viewing many students connected resentation in the choice of offi-
with the elections and particular- cers, but at the same time exclude
ly the poll watchers in whose bal- the desire for election.
l-+ 1 no +,n flen tn*a*-w*r
Union Gets $100
000 striking CIO United Auto
Workers will start streaming back
to work Monday-their 100-day
Settlement came yesterday on a
note of' bitterness like that on
which it began. Each side verbally
slapped the other, after the 8:25
a.m. contract signing.
* * *
A TRICKLE of the 50,000 idled
in Chrysler supplier plants al-
ready had been called back to
their benches in anticipation of
settlement. It immediately jumped
to a full-stream back-to-work
movement with Briggs Manufac-
turing Co., of Detroit and the
Budd Co., of Philadelphia, order-
ing 24,000 and 1,100 respectively,
When they end their string of
Payless paydays, Chrysler work-
ers will be going back with ev-
erything they asked in the way
of $100 monthly pensions (in-
cluding Federal social security
benefits), hacked by a jointly
administered trust fund.
The union got benefits it said
equalled the "10-cents-an-hour
package" it asked when the strike
was called Jan. 25. It failed, how-
ever, to get a union shop and tot-
al benefits of 28 cents an hour
that it demanded when negotia-
tions on a new contract opened
way back on July 6, 1949.
* * *
BITTERNESS marked negotia-
tions from the walkout to settle-
ment and as yesterday's signing
was announced, UAW President
Walter Reuther angrily told a
"Chrysler Corporation has
sunk to a low never before at-
tained in the auto industry ...
as late as yesterday Mr. Weck-
ler (Herman L. Weckler, Chrys-
1r vice-president and general
manager) prostituted the facts."
Weckler repeated Wednesday
his charge that the UAW was
stalling settlement to collect a
maximum strike fund under $1
weekly assessments against work-
ing union members. "
THE 12-WEEK assessment per-
iod ended Wednesday. When all
collections are in they will total
approximately $7,000,000, of which
less than $3,000,000 already has
John McCarthy, Grad, of Water-
town, N. Y., was elected president
of the Business Administration
senior class yesterday.
Other senior officers are: Vice-
President Charles Strickland, '51
BAd; Secretary, Richard T. Wood-
worth, '51 BAd; Treasurer, Vir-
ginia Ross, '51 BAd.
THE WINNER-Rep. George Smathers and his wife display broad
smiles in Jacksonville, Fla., after his surprising defeat of Sen.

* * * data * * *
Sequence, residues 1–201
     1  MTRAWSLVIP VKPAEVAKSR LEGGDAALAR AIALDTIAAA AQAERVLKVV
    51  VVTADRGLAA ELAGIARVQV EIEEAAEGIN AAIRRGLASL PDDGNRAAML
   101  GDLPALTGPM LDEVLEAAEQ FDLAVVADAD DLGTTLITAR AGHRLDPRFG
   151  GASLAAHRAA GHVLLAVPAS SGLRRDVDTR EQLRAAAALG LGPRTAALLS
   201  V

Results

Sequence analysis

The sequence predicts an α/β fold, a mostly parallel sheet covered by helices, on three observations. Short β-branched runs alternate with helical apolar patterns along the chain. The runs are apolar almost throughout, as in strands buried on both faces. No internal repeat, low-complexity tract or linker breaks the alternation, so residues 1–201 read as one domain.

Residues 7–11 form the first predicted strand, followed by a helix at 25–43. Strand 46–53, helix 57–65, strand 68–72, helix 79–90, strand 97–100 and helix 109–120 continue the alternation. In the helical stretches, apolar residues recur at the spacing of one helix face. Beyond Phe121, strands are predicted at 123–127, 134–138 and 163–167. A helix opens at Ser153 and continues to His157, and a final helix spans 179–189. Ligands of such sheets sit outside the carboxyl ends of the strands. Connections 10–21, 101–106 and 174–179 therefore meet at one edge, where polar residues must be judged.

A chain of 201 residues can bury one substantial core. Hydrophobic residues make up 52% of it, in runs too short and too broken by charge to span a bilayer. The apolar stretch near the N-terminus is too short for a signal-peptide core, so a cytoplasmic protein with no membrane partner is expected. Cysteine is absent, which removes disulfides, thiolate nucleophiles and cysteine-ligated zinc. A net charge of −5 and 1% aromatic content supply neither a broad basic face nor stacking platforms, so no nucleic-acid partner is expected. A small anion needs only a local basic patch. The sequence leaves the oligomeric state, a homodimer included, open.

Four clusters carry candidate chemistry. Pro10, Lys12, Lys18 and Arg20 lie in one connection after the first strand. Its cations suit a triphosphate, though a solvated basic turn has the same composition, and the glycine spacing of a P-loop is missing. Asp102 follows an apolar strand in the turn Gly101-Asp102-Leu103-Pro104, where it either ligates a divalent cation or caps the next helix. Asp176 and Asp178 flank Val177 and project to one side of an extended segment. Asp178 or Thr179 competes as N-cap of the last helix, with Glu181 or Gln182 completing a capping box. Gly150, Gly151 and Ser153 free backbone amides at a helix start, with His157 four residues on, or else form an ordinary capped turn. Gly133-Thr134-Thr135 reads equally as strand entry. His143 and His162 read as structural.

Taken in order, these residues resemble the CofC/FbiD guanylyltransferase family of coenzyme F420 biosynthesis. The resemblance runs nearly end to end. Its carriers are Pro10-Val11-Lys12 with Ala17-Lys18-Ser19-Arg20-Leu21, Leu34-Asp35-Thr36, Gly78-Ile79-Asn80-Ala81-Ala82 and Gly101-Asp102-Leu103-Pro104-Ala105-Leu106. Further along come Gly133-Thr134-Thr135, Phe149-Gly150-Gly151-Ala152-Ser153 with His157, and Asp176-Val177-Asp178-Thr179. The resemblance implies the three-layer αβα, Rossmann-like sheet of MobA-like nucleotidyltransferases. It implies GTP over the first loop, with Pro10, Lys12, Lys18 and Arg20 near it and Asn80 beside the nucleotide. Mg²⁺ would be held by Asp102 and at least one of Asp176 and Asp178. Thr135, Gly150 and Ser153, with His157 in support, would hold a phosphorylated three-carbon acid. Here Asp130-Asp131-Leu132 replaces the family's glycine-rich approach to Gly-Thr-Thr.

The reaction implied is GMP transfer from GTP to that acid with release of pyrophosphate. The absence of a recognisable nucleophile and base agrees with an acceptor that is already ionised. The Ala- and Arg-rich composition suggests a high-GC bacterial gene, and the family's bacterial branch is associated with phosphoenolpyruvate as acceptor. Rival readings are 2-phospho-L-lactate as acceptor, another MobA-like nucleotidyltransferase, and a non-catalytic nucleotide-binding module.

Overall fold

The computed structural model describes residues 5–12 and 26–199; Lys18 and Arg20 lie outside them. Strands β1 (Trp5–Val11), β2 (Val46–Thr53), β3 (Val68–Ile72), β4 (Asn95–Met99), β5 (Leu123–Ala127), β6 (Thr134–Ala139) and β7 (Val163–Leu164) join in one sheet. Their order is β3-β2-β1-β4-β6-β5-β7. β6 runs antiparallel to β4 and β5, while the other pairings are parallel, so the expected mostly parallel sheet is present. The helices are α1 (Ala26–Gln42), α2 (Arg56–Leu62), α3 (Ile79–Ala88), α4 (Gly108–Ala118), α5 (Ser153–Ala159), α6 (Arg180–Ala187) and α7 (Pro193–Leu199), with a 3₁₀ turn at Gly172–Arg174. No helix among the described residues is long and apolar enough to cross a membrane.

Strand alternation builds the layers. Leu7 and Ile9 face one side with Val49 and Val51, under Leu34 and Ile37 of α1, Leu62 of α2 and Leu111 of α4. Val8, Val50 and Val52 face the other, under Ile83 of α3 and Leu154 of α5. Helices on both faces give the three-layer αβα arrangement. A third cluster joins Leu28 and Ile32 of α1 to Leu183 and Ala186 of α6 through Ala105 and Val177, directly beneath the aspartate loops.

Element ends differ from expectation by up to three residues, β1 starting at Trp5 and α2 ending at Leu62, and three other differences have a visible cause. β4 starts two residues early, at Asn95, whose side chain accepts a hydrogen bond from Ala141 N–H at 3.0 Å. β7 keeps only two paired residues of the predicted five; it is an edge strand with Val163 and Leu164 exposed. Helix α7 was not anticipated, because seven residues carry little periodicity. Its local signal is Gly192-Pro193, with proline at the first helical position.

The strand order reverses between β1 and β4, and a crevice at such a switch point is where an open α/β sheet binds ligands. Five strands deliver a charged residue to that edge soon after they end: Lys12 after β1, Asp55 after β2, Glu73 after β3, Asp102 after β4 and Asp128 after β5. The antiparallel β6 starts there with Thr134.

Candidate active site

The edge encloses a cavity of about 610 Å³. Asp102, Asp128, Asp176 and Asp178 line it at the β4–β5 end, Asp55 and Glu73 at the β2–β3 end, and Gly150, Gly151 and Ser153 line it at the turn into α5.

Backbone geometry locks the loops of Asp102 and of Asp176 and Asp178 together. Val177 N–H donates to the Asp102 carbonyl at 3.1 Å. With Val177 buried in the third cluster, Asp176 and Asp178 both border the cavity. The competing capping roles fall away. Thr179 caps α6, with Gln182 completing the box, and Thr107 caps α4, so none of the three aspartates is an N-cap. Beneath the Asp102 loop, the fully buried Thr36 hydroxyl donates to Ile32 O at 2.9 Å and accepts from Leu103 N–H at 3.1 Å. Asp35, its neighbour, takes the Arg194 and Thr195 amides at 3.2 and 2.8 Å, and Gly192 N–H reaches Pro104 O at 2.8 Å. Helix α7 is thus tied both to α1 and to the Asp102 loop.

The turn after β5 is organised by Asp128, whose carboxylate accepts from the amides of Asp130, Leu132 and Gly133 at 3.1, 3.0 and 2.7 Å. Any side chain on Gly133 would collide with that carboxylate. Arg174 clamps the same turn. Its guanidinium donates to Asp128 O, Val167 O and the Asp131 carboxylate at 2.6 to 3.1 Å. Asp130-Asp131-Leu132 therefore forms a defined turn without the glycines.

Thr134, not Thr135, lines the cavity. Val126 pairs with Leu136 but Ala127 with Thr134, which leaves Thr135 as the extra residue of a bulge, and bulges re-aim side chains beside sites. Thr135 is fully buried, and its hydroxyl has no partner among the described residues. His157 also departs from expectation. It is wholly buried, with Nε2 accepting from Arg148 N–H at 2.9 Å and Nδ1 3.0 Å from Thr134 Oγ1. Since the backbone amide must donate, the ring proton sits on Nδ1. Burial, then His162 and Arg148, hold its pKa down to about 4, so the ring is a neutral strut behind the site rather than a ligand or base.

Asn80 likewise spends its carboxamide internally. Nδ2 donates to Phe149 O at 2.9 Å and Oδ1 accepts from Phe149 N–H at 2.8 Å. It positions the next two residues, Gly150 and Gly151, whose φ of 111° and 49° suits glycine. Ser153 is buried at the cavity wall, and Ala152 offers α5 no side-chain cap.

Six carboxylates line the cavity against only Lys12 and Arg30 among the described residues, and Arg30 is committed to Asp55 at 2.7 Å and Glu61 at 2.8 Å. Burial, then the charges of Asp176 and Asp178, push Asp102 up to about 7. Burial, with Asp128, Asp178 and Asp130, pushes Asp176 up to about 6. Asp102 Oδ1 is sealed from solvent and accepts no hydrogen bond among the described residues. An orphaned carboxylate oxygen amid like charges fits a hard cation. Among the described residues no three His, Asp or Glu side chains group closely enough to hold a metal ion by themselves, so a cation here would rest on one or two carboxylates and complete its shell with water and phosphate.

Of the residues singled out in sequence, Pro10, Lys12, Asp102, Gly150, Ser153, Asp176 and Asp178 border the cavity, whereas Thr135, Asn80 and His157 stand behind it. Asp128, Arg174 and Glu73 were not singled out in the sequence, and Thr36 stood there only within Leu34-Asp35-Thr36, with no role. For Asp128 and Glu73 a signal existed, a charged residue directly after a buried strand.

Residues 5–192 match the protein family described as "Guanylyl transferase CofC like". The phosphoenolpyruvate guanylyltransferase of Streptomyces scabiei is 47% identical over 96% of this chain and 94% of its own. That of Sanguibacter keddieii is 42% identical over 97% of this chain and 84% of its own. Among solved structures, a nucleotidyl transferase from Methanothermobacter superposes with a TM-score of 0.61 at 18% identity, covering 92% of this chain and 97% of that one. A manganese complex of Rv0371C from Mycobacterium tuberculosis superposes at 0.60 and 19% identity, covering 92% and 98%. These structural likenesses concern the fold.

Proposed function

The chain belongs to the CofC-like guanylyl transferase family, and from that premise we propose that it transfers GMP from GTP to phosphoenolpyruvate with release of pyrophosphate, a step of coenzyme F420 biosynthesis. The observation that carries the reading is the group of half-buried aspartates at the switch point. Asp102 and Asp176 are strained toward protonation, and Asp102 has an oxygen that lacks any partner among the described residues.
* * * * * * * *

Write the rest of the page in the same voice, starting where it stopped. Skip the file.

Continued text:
Claude Pepper for the Democratic nomination as U.S. Sepator
from Florida. Smathers, 36-year-old former Marine and self-
styled "liberal" now in his second term in the House, defeated
Pepper by a solid margin. The Democratic nomination in Florida
is equivalent to election, as Democrats outnumber Republicans by
better than 15 to 1.
,* * * *
Fair Deal' Not Defeated
OAKLAND - (A) - Seven-
year - old Jimmy Anderson,
playing the role of cattle
rustler, jumped into a refuse
can while the vigilapte pack
Jimmy's pursuers in the
make-believe cowboy epic were
stumped but had the last laugh
when Jimmy's boots jammed in
the trash can. Firemen had to
be summoned to cut the rustler
out of his difficulties.
-Russia announced last night
that repatriation of German war
prisoners has been completed.
The news chilled hundreds of
thousands of Germans. It killed
the last hope of family after fam-
ily that a missing father, hus-
band or son might return from the
war. The news came too late, al-
most midnight, for most Germans
to learn of it immediately. Those
who did were aghast.
"IT IS frightening, terrible,"
said one. Dr. Kurt Schumacher,
West Germany's Socialist leader,
declared: "There are hundreds of
thousands of German prisoners
still in Russia."
The Germans generally had
no idea repatriation was near
The official Soviet news agency
Tass said last night, in a dispatch
broadcast by the Moscow radio,
that the last group of prisoners
totaling 17,583 had been returned.
Two months ago the Russians
said that virtually all German war
prisoners except war criminals
had been freed. German author-
ities asserted, however, that the
Russians still were holding some
400,000. The United States and
France accused the Russians April
25 of lying to hide the fate of hun-
dreds of thousands of German pri-
Group to Fight
A student-faculty group last
night decided to join a Student
Legislature subcommittee in com-
bating the University ban on Com-
munist speakers. .
The group included members of
the ad hoc committee which
brought Communist Herbert J.